Financial Data
Updated 30 Sep 2020

Harnessing the power of the digital age in your business

Going digital is the new business imperative, it’s no longer an optional extra or a nice-to-have. 

David Meintjies, 19 December 2017  Share  0 comments  Print

All the answers to your unique business lifestage questions

For years, we’ve been told that the consumerisation of IT will lead to customers calling the shots, in terms of the businesses they buy from and the products and services they want. 

The convergence of cloud computing, mobile technology, social media and thousands of other innovations means that a whole host of new consumer engagement tactics are available – and those who fail to make use of them will doubtless be left behind. 

Ultimately, the question in the back of many business owners’ minds is, “How much do Ireally needto digitise?” And whenever I’m asked this question, my immediate response is usually to ask a question in return: “How close do youreally wantto get to your customers – past, present and future?”

Related: Will jobs really be impacted by the digital revolution?

Why go digital

Any business, whether it’s a cutting-edge digital advertising agency or a one-man artisan, can reap untold benefits from digitisation when it is applied prudently. We’ve entered an era of worldwide digital maturity that has transformed the supply-and-demand economy to one of pure demand. 

The power dynamic we’ve become so used to has shifted dramatically, and it’s never been easier for consumers to take their business to your competitor at the first sign that they are offering something that you are not. But, just what is that special something? In the world of business digitisation, these are the perfect places to start.

1. Customer journey and experience

With most businesses already having taken the step of creating a website and surrounding it with other forms of digital marketing like social media, many are now realising this simply isn’t enough. 

For consumers, the almighty smartphone or laptop screen is the window to the world – and if the amount of information currently accessible online is anything to go by, it is entirely without borders, limitations and restrictions when it comes to getting your brand noticed. Consumers expect your business to be reachable 24 hours a day, and digital tools are the only practical way for an organisation to do so. 

2. Data 

If someone told you that, for a price, they could detail exactly how your customers behave, how they think, how they buy, and what they want from the businesses they buy from, what would you say? What business owner would turn down such an offer? 

A surprising number, apparently, when one considers that this is exactly what data’s biggest point of value is in the business landscape. Gone are the days of the ‘captive market’, when buying decisions were based predominantly on geographical proximity.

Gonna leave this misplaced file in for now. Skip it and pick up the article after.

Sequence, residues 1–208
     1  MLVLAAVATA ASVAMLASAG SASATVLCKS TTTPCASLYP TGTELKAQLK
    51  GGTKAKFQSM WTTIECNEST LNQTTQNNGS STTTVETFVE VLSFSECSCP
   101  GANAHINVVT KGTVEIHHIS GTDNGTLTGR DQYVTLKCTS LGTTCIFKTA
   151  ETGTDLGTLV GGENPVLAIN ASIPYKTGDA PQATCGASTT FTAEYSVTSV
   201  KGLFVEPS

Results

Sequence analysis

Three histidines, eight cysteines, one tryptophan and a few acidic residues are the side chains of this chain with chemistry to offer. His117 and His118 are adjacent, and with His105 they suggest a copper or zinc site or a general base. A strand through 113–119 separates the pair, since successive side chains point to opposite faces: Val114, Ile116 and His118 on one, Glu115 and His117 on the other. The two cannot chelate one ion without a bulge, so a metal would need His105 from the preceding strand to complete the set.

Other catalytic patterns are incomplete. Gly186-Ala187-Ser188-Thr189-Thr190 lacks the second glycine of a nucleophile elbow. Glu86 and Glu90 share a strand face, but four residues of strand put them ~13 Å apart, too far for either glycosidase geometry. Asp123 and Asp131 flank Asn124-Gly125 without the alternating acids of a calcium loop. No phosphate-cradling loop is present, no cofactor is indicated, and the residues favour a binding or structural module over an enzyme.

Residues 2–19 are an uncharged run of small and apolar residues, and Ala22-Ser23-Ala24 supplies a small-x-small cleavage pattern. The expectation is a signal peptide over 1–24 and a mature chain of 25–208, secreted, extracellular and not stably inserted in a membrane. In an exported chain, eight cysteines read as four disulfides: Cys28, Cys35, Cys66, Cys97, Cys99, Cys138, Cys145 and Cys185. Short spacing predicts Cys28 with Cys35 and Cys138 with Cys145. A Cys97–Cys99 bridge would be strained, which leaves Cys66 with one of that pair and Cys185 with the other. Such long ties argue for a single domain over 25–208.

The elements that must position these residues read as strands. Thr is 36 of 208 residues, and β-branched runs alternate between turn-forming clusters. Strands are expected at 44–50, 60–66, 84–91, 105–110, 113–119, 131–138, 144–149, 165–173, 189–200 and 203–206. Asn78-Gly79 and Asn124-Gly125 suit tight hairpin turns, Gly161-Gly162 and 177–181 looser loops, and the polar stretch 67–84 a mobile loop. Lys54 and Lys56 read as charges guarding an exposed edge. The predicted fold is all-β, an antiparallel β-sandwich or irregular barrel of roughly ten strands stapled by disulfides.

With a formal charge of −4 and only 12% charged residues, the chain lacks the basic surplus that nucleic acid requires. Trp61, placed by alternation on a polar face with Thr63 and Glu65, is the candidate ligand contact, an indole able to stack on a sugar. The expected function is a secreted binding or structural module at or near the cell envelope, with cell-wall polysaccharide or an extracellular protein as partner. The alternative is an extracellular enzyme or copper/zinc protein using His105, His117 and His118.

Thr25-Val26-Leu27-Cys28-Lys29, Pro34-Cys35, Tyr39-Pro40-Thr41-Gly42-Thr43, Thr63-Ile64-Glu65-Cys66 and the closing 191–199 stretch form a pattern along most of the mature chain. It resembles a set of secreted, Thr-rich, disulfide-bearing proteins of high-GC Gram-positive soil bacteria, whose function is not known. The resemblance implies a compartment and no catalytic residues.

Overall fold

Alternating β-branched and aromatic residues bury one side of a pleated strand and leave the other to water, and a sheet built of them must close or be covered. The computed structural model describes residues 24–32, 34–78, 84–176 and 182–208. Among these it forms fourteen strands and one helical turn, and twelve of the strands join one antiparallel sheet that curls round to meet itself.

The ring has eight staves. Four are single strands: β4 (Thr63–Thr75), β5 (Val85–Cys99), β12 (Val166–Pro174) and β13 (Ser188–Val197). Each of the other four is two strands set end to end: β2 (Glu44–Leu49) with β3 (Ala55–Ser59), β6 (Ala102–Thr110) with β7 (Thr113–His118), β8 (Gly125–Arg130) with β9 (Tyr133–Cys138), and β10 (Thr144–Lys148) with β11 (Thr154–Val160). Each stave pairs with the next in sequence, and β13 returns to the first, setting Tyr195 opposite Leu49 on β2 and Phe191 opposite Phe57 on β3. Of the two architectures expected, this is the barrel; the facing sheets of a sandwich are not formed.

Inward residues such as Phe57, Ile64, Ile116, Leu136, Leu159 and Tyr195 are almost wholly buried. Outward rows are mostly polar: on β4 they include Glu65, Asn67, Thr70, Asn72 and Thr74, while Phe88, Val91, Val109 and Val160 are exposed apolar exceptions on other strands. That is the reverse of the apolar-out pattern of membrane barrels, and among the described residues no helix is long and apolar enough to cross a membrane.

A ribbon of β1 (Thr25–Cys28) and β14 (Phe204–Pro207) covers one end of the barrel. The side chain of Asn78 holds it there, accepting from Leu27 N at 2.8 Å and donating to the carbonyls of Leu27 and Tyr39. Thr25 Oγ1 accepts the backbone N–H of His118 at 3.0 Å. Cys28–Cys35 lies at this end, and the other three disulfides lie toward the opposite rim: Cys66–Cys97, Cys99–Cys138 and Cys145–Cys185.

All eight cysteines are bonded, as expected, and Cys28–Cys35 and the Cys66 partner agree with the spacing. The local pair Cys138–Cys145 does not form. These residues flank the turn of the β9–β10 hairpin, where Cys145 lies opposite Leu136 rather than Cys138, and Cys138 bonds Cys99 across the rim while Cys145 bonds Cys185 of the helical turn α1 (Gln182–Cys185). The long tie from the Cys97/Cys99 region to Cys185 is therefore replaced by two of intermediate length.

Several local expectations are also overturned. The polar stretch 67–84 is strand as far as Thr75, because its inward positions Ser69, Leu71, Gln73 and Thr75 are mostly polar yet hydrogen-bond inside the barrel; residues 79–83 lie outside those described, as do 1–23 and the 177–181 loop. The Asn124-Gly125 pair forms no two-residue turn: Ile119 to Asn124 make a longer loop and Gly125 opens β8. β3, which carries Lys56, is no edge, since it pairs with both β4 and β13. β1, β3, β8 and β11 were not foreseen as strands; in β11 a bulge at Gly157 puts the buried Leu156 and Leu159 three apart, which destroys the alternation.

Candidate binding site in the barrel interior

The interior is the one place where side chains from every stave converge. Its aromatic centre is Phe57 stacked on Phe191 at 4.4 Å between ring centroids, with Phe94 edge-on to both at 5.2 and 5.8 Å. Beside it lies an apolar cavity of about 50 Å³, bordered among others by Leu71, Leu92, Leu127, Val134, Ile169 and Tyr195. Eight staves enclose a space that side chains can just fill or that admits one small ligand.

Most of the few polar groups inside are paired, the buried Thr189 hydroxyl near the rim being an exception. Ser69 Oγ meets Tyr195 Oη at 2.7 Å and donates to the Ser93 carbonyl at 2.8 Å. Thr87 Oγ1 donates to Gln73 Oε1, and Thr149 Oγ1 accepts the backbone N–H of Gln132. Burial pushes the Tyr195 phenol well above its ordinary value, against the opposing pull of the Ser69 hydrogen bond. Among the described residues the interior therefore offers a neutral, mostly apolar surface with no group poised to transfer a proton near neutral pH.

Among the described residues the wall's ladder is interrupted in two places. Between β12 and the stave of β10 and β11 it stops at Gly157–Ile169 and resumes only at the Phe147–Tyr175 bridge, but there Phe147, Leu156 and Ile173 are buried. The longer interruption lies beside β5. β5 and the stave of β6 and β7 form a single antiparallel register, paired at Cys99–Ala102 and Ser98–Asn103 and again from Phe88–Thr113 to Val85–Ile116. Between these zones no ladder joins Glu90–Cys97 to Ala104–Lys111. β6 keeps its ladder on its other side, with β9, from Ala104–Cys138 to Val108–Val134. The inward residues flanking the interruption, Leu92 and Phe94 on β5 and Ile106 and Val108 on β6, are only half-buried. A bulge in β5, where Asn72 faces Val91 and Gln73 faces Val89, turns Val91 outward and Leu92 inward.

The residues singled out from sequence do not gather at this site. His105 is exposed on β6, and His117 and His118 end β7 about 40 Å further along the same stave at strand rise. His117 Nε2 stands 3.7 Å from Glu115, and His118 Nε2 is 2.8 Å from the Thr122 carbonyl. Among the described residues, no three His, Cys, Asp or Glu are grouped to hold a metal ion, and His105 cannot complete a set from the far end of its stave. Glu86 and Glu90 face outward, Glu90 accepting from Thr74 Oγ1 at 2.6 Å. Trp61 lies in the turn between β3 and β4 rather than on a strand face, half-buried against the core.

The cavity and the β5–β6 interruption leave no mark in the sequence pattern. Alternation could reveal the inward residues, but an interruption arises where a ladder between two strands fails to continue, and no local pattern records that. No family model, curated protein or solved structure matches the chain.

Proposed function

Related: What is Digitalisation and what does it mean for your business?

Today, it’s just as easy to order a product from across the globe as it is to buy locally, making the need for improved consumer insights on a global level all the more urgent.

3. Capturing tomorrow’s customers today 

From pocket-sized devices to smart watches and RFID chips – the future of mobility is changing fast. First there was portable. Now, it’s wearable, and in a shorter time than most think, our mobile devices will be permanently implanted into our bodies and, with them, much of the day-to-day communication we take for granted.

Your business’s founders might be scared of the future, but your most valuable customers are not – and the customer, as they say, is always right. They are more reachable than ever, but is your business doing what it takes to reach them at the right time, in the right place, and on their own terms? 

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About the author

David Meintjies

David Meintjes is a qualified Chartered Accountant who holds a masters degree in Business Management from the University of Johannesburg. He has been a key Internet business player from the start, serving as FD, Commercial Director and CEO of UUNET SA, the first commercial ISP in South Africa in 1996. After serving as COO of software development company Korbitec Holdings, David became chairman of Connectnet and MD of Connection Telecom. From January 2010 he took up an operational role in the business to support its rapid growth phase.

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